How To Invest In REITs

If you’ve ever thought about buying property and becoming a real estate investor but didn’t really want to deal with all of the hassle of managing the property or dealing with tenants, then don’t!  There’s a way to invest in real estate where you can reap all of the benefits of owning property without actually having to physically acquire it.  What you want is something called a REIT, and here is how you can invest in one.

Reits investmentsx

What Is A REIT?

A real estate investment trust (REIT) is a company that owns and operates income-producing real estate and related property.  These are typically larger-scale properties such as apartment buildings, medical facilities, gym facilities, offices, hotels, etc.  A REIT could also own other forms of infrastructure property that have little human interaction such as cell towers, data centers, and warehouses.

REITs function similar to mutual funds.  The collection of properties contained in a REIT are broken up into shares.  Thousands of investors will buy shares of these REITs and their value fluctuates based on their performance of the properties.

Because the average person rarely has the resources to own commercial property, a REIT provides a convenient way to own these types of property without the trouble of actually acquiring it.  

Similar to the goal of someone who owns a rental property, the goal of the REIT is not to sell the property to new owners for a profit but rather to groom it into an asset that produces income every month.

Types Of REITs

types of reits

There are at least four types of REITs:

Equity REITs 

These are REITs that are traded publicly, just like stocks.  Usually, when someone generically talks about REITs, they are referring to equity REITs.

mREITs (Mortgage REITs)

This is a special type of REIT that purchases mortgages or mortgage-backed securities that can be used to finance income-producing real estate.

Public, Non-Listed REITs (PNLRs) 

REITs that are not publicly traded but still registered with the SEC.

Private REITs 

REITs which are neither public-traded or registered with the SEC.

Why Should You Invest In A REIT?

Like we already mentioned, the biggest draw to investing in a REIT is that it allows you to own commercial real estate.  

Just like a stock can outperform the market average for several years at a time, so to can a REIT.  This can be useful when you consider also that real estate is a completely different type of asset from stocks and bonds.  While these assets may go down in value, your REIT might hold or even go up in value.  Therefore, it can be a useful component in your portfolio diversification.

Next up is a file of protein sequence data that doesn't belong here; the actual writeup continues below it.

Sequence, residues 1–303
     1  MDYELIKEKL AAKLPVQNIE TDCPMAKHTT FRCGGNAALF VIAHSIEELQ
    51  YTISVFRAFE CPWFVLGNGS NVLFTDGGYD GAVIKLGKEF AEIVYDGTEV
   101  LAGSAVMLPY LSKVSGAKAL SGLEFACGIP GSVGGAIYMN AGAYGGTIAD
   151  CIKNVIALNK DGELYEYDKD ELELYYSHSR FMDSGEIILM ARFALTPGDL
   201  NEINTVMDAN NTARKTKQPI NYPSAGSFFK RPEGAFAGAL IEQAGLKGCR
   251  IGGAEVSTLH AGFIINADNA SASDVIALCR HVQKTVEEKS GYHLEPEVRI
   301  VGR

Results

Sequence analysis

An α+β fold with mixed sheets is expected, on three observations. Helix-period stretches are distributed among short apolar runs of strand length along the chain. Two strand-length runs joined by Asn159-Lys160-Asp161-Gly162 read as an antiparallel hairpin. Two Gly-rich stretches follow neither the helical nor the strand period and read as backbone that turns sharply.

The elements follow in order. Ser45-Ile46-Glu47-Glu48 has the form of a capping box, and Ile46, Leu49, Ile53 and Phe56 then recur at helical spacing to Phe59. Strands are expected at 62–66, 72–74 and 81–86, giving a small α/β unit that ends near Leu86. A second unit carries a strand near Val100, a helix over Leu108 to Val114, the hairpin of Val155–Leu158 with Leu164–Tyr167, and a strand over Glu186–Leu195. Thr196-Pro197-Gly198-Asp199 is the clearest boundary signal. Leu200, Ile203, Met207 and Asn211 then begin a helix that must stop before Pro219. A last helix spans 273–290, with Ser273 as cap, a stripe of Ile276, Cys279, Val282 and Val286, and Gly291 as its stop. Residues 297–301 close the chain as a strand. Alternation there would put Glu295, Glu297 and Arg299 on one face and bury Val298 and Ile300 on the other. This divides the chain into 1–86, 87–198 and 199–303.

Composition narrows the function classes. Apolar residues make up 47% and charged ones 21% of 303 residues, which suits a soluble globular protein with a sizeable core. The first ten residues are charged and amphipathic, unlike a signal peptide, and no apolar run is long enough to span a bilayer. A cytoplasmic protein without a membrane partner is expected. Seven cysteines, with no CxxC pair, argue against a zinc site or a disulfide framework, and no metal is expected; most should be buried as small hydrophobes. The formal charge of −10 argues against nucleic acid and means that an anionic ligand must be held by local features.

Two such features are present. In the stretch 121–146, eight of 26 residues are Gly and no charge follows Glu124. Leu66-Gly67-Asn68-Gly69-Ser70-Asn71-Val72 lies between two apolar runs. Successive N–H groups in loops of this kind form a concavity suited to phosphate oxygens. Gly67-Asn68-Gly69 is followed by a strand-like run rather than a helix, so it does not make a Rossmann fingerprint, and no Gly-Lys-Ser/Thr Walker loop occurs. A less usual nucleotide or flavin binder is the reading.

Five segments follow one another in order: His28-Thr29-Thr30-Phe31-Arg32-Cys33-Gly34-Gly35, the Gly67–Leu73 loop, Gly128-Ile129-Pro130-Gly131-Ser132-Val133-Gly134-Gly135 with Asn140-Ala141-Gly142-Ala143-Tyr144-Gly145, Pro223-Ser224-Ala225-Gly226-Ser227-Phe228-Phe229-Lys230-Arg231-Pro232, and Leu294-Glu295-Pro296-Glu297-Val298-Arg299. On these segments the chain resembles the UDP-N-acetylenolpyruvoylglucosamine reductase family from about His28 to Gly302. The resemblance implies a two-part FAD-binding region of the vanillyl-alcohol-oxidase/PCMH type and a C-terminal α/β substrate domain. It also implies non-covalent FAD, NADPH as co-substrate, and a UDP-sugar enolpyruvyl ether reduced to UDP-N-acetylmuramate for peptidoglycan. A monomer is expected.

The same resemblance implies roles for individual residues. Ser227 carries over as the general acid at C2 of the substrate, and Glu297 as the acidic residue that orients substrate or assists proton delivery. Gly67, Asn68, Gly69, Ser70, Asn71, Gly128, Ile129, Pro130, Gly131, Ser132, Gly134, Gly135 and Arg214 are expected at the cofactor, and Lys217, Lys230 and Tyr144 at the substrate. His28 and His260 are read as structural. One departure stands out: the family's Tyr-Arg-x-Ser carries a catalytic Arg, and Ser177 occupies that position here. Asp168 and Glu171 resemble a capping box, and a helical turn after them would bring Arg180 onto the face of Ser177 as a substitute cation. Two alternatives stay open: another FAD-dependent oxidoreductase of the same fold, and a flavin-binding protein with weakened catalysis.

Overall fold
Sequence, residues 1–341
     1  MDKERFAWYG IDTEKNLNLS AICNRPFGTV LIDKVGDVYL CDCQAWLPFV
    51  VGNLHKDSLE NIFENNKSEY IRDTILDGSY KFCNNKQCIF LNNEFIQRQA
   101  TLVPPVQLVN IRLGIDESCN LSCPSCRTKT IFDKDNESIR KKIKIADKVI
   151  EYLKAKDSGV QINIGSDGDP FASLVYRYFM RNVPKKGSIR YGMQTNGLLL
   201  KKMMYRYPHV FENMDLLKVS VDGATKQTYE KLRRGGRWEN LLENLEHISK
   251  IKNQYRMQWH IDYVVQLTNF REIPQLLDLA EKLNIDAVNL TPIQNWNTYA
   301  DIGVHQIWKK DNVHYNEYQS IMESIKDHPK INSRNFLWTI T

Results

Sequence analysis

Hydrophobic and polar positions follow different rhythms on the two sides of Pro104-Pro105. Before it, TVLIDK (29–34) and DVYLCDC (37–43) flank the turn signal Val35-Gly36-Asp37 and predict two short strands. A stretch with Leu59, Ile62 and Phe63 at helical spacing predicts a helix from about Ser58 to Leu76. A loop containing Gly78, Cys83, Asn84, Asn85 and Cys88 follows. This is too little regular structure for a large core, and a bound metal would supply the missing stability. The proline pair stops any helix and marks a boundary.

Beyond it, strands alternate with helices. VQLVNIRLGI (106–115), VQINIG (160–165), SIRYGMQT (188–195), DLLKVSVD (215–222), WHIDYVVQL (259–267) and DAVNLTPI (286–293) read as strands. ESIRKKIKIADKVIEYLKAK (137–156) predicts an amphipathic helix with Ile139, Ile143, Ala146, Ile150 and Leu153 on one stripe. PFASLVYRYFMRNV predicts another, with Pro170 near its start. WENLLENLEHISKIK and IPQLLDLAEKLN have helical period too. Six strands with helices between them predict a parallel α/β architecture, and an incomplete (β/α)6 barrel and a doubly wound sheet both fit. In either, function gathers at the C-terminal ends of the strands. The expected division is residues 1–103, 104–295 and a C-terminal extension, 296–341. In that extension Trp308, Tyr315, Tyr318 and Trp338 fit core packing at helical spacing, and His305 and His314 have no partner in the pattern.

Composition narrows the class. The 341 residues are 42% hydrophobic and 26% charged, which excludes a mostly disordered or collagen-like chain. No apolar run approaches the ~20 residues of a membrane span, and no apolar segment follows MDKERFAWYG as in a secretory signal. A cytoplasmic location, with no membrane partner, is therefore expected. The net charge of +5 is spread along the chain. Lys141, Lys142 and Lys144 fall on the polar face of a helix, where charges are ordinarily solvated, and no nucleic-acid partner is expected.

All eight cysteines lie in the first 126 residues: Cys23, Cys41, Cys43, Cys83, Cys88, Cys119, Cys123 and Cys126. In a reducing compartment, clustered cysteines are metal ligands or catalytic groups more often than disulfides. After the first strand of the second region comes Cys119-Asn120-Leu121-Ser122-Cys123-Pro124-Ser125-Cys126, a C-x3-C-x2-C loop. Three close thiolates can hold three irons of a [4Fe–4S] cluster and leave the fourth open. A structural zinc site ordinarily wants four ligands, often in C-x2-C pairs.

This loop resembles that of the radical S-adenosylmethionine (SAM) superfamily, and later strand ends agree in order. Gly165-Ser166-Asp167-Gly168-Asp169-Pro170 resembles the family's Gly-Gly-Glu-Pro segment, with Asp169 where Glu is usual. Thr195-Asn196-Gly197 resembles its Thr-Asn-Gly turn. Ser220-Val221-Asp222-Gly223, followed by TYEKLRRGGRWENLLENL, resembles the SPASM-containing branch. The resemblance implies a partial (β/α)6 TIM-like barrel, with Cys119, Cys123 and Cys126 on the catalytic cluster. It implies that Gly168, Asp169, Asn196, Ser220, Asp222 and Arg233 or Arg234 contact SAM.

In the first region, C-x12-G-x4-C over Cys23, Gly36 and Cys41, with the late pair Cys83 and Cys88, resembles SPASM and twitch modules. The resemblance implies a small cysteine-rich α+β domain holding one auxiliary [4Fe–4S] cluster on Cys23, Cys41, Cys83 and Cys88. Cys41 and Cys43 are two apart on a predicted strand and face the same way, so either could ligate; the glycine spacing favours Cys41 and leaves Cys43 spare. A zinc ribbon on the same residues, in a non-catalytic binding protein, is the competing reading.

The other big attraction of investing in a REIT is that they produce relatively high dividend yields.  This is because REITs are required to payout at least 90 percent of their taxable income to shareholders.  Most go so far as to payout 100 percent!

The average REIT dividend pays approximately 5 percent whereas the average stock pays 1.9 percent.  Higher than average dividend payments are great for income investors who are looking to receive the biggest return on investment that they can get, such as retirees.

REITs And Taxes

Because of the way REITs pay out their income, the IRS treats their dividend payments like ordinary income (similar to the money you would earn from your job).  This is different from the traditional, corporate dividends you earn on stocks.  Because ordinary dividends aren’t “qualified”, they don’t receive the same type of tax reduction that corporate dividends receive.  This can sometimes be seen as a drawback to REIT investing.

Before you do your taxes, the REIT will send you an IRS Form 1099-DIV that will report your dividends and capital gains. You can find out more the way a REIT is taxed here

How To Choose A REIT

making money on reits

There are several ways you can find good REITs to invest in.  


You can start by looking up which ones come highly recommended, such as these suggestions from Nerd Wallet which are updated regularly.  Compare them against other lists from respected financial sites like The Motley Fool, Seeking Alpha, and Kiplinger.

Industry Type

Next, you’ll want to choose which type of REIT industry you feel comfortable investing in.  Retail, residential, healthcare, etc?  Each one will have specific pros and cons.